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Rotterdam EMS corps regains health

Rotterdam EMS corps regains health

Rotterdam’s only nonprofit ambulance corps has a pulse, and it’s growing stronger.

Rotterdam’s only nonprofit ambulance corps has a pulse, and it’s growing stronger.

After years of tumult, the Rotterdam Emergency Medical Services Inc. has placed a second ambulance on the road and now is showing signs of vitality. With the aid of town funding, the company is also starting to chip away at the debt it accrued over the course of nearly five years of financial despair, reported Joe VanDerwerker, the president of REMS’s Board of Directors, during a Town Board meeting.

“REMS is in pretty good shape,” he said Wednesday.

VanDerwerker said the company has reduced its fuel debt to the town to $15,000 and anticipates paying the amount in full within 10 months. He said REMS is also paying the Internal Revenue Service $2,000 per month while the company works out a settlement with the agency.

The company has also grown considerably in size. VanDerwerker said REMS now employs 42 workers, which is up from the 16 employees it retained when he became president of the board.

With a full staff and adequate funding, the company isn’t missing as many calls. On average, VanDerwerker said REMS misses about three of the more than 200 calls the company receives each month. Missed calls are handled by Mohawk Ambulance Service.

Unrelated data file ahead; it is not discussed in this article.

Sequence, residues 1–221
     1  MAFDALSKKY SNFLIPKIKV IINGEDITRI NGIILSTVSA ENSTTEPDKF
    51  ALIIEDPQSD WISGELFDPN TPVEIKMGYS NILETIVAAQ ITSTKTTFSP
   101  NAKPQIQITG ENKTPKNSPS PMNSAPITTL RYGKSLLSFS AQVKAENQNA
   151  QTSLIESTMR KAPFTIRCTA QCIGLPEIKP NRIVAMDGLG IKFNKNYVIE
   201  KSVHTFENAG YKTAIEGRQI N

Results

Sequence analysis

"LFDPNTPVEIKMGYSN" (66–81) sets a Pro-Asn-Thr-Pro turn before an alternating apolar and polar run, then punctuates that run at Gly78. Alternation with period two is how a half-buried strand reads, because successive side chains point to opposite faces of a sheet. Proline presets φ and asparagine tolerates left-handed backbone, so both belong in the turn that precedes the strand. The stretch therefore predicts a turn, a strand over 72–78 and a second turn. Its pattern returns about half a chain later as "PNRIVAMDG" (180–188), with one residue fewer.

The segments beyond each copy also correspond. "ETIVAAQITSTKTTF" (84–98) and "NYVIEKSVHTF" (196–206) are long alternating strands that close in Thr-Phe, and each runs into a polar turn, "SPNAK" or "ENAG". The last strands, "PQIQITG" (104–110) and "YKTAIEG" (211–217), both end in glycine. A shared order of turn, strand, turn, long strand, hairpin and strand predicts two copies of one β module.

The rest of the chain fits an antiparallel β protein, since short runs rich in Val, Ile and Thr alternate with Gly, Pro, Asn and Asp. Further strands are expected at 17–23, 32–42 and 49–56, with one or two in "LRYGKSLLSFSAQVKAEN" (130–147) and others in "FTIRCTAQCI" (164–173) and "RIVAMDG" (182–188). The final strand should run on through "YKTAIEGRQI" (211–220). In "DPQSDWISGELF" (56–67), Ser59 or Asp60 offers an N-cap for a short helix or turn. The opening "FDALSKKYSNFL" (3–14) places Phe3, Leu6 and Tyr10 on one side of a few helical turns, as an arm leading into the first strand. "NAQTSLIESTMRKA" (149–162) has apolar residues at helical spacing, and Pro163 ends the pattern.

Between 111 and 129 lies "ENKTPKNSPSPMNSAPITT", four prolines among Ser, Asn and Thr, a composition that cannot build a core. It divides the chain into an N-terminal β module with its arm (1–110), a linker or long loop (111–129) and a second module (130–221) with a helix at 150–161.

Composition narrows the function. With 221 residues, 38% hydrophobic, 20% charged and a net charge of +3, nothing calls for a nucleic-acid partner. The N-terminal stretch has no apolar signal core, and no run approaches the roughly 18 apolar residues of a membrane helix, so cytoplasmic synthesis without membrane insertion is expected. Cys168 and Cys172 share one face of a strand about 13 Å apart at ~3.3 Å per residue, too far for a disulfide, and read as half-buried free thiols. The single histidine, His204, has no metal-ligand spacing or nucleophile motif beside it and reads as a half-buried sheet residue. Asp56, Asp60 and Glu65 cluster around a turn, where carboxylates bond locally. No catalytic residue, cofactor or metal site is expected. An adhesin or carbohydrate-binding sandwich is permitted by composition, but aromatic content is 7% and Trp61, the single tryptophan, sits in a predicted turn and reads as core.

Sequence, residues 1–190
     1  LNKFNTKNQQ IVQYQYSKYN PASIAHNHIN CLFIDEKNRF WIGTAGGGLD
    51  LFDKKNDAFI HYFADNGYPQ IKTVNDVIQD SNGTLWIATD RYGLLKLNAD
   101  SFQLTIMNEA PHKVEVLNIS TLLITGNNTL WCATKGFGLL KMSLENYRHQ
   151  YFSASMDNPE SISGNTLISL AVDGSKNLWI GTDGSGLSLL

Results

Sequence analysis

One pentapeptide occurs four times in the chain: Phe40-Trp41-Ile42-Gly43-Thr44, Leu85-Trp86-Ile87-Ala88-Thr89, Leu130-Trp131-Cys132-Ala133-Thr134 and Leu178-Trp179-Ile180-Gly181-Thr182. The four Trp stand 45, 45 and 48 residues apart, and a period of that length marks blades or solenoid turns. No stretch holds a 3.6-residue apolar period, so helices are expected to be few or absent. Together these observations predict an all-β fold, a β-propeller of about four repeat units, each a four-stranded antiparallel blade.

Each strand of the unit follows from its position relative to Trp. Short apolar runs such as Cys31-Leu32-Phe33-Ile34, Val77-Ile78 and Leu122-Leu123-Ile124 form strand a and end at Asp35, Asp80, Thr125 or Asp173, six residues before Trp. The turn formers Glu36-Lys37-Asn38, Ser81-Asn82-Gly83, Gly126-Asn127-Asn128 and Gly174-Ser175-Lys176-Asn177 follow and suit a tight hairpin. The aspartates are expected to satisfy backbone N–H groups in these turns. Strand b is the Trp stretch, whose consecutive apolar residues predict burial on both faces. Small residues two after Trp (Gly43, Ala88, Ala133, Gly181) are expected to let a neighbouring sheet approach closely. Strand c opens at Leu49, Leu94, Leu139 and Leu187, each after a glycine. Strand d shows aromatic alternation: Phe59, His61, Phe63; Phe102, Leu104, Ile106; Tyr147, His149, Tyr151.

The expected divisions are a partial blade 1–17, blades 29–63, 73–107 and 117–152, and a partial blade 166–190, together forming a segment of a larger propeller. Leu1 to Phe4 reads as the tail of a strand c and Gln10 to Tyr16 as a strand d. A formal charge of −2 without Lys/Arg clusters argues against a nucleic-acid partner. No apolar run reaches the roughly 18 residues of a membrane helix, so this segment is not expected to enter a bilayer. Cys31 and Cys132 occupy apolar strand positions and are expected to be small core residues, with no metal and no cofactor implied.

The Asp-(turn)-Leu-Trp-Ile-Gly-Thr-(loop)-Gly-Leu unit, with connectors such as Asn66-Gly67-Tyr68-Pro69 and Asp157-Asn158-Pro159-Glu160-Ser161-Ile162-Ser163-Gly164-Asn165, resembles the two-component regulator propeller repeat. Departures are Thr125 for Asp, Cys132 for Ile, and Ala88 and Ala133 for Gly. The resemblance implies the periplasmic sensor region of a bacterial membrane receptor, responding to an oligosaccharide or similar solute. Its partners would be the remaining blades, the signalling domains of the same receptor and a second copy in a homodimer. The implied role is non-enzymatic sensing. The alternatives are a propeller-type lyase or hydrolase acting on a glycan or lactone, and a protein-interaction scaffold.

The current condition of REMS is in stark contrast to the company’s position just one year ago. The IRS had imposed tax liens against the ambulance corps totaling nearly $250,000.

These fiscal woes prompted town officials to withhold any subsidy of the ambulance corps, which was formed by a pair of volunteer companies with the understanding that there would be municipal funding. Board members also debated merging Rotterdam’s town-operated paramedic service with REMS, a concept that later proved unpopular with both entities.

Funding was finally provided to the company by the town of Princetown in November 2008. Rotterdam followed suit in February by contributing a $10,000 monthly stipend.

Rotterdam is now awaiting a report that will allow the town to move forward on a referendum needed to establish a tax district. If approved by voters, the company could become tax-funded much like the town’s volunteer fire departments.

VanDerwerker said that the funding has helped REMS rebound from virtual insolvency but warned that the company still needs help. He urged board members to advance a tax district that would allow the ambulance service to move forward.

“Right now, we’re paying our debts but we’re not moving forward,” he said.

Town Board member John Mertz lauded REMS’s success but wasn’t convinced of the need for a tax district to support the company. Instead, he said Rotterdam should fund the ambulance corps through the town budget.

“If [REMS] is ran properly, it doesn’t need a tax district,” he said.

Supervisor Steve Tommasone disagreed. He said leaving the company subsidized through the general fund could one day leave it prey to the whims of the Town Board.

“That leaves it up to a future board to potentially dismantle the service,” he said.

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